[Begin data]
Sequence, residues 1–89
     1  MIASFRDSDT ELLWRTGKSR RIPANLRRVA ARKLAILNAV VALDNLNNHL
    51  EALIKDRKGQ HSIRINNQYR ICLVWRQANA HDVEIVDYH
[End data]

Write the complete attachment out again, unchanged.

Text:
Sequence, residues 1–89
     1  MIASFRDSDT ELLWRTGKSR RIPANLRRVA ARKLAILNAV VALDNLNNHL
    51  EALIKDRKGQ HSIRINNQYR ICLVWRQANA HDVEIVDYH